No Valentine’s Day date? No problem! Being single brings several big upsides, like having the freedom to spend your time and money on the things that are important to you, and you alone! Though getting married is a well-known tax advantage, being single can also come in handy come refund season. So let’s toast to Galentine’s Day (or any other singles celebration) with these five reasons why it pays to be riding solo at tax time.
You Can Get the Same Deduction for Your S/O as a Spouse
A boyfriend or girlfriend can be claimed as a dependent if they pass some of the same tests used to determine if your child or relative can be claimed as a dependent (You can read about the tests here). Each dependent lets you claim a dependent exemption, reducing your taxable income by $4,050 per dependent for 2017. Important: due to the new tax reform legislation, this is the last year you will be able to claim this deduction so if you’re supporting your boyfriend or girlfriend don’t miss out on this deduction.
It May Be Easier to Qualify for Educational Tax Credits
The American Opportunity Tax Credit provides a credit of up to $2,500 per student off of the taxes you owe if you paid for eligible college expenses for yourself, your spouse, or your dependent. There’s also the Lifetime Learning Credit, that provides a credit of up to $2,000 per tax return for graduate studies and continuing education, but there are income limitations to both, and a spouse’s income could put you beyond the limit.
The full amount of the American Opportunity Tax Credit is available for individuals with a Modified Adjusted Gross Income (MAGI) of $80,000 or less or $160,000 for married filing jointly. The full Lifetime Learning Credit is available for MAGI up to $66,000 for single filers, and up to $132,000 for married filing jointly.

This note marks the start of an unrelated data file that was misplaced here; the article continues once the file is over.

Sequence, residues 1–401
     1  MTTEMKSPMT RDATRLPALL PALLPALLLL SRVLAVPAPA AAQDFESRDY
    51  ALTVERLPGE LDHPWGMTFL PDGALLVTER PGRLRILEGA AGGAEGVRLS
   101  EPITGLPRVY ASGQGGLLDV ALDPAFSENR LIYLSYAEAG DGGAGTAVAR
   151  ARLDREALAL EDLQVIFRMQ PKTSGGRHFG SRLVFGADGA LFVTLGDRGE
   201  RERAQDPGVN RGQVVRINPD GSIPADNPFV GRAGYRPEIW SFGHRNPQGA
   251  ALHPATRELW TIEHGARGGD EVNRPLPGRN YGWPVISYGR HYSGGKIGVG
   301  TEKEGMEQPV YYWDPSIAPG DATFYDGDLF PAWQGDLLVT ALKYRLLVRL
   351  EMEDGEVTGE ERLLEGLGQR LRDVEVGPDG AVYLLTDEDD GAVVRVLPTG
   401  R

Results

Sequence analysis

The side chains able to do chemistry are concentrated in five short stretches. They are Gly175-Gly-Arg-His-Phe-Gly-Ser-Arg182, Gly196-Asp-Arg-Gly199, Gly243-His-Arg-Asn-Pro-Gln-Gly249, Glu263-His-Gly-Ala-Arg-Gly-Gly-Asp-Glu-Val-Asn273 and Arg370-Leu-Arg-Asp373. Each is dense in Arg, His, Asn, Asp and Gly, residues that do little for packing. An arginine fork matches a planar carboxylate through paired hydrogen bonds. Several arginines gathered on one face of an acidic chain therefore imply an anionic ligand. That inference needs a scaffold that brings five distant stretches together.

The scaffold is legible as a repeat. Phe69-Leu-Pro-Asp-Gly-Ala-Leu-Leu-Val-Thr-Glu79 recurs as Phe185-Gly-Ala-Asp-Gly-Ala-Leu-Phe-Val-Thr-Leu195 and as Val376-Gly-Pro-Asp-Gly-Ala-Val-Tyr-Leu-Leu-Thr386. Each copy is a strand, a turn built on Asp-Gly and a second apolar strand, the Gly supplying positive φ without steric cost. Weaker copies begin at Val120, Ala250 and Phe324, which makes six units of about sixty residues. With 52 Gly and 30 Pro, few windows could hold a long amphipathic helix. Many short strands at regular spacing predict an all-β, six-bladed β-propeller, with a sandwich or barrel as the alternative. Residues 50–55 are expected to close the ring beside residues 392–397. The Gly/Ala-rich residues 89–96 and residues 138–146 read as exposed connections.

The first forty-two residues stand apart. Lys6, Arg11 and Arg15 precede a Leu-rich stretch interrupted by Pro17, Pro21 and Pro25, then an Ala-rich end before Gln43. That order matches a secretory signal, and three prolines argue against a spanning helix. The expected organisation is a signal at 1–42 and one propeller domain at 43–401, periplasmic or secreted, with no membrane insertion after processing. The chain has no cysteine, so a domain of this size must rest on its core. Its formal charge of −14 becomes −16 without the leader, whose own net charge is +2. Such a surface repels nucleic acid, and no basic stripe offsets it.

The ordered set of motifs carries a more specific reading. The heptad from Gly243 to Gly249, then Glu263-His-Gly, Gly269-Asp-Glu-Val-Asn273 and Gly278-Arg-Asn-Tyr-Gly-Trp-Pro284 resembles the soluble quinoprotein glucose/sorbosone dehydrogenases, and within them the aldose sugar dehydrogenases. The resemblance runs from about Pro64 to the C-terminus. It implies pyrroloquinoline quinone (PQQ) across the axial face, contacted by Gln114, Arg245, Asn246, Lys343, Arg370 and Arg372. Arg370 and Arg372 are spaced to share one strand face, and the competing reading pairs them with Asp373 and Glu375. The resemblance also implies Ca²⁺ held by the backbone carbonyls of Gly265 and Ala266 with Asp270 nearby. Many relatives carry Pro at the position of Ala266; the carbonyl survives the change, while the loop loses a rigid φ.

No “Newlywed Surprise” On Your Taxes
After getting married, many individuals forget to review their tax withholding with their employer. For some, that means they aren’t withholding enough and may owe at tax time. When you experience life changes, it’s a good time to look at how your taxes would be impacted. Marriage or divorce can change your tax situation, as well as the addition of a dependent, by birth, adoption, or an elderly parent moving in and getting more than 50% of their support from you will qualify as an extra exemption. No spouse? You may not need to check your W-4 if you didn’t have any life changes. High five!
You Don’t Have to Deal with Someone Else’s Tax Debt
When you pledge “’til death do us part,” you’re also pledging to be liable for your husband or wife’s tax debt. That’s right! If your spouse owes back taxes, you are also responsible for those debts in the eyes of the IRS if you file jointly. The IRS has 10 years to collect the taxes that you owe, so it’s not something that will go away quickly. If you are single you don’t have to worry about how you’re going to handle your spouse’s debt.
HBIC: Head Bae In Charge
If you are not married, you may be able to file as a head of household as long as:
- You are unmarried or considered unmarried on the last day of the year.
- You paid more than half the cost of keeping up a home for the year.
- A qualifying dependent lived with you in the home for more than half the year (except for temporary absences, such as school). However, if the qualifying person is your dependent parent, he or she doesn’t have to live with you.
What can claiming HBIC (Head Bae In Charge) get you? You will see a bigger standard deduction of $9,350 for the head of the household instead of $6,350 for single.
Single is fabulous! Enjoy every minute of it, no matter how long it lasts. And don’t worry about knowing tax laws or forms, TurboTax will ask you simple questions about you and give you the tax deductions and credits you are eligible for based on your answers. You can also connect live via one-way video to a TurboTax Live CPA or Enrolled Agent to get your tax questions answered. A TurboTax Live CPA or Enrolled Agent can also review, sign, and file your tax return.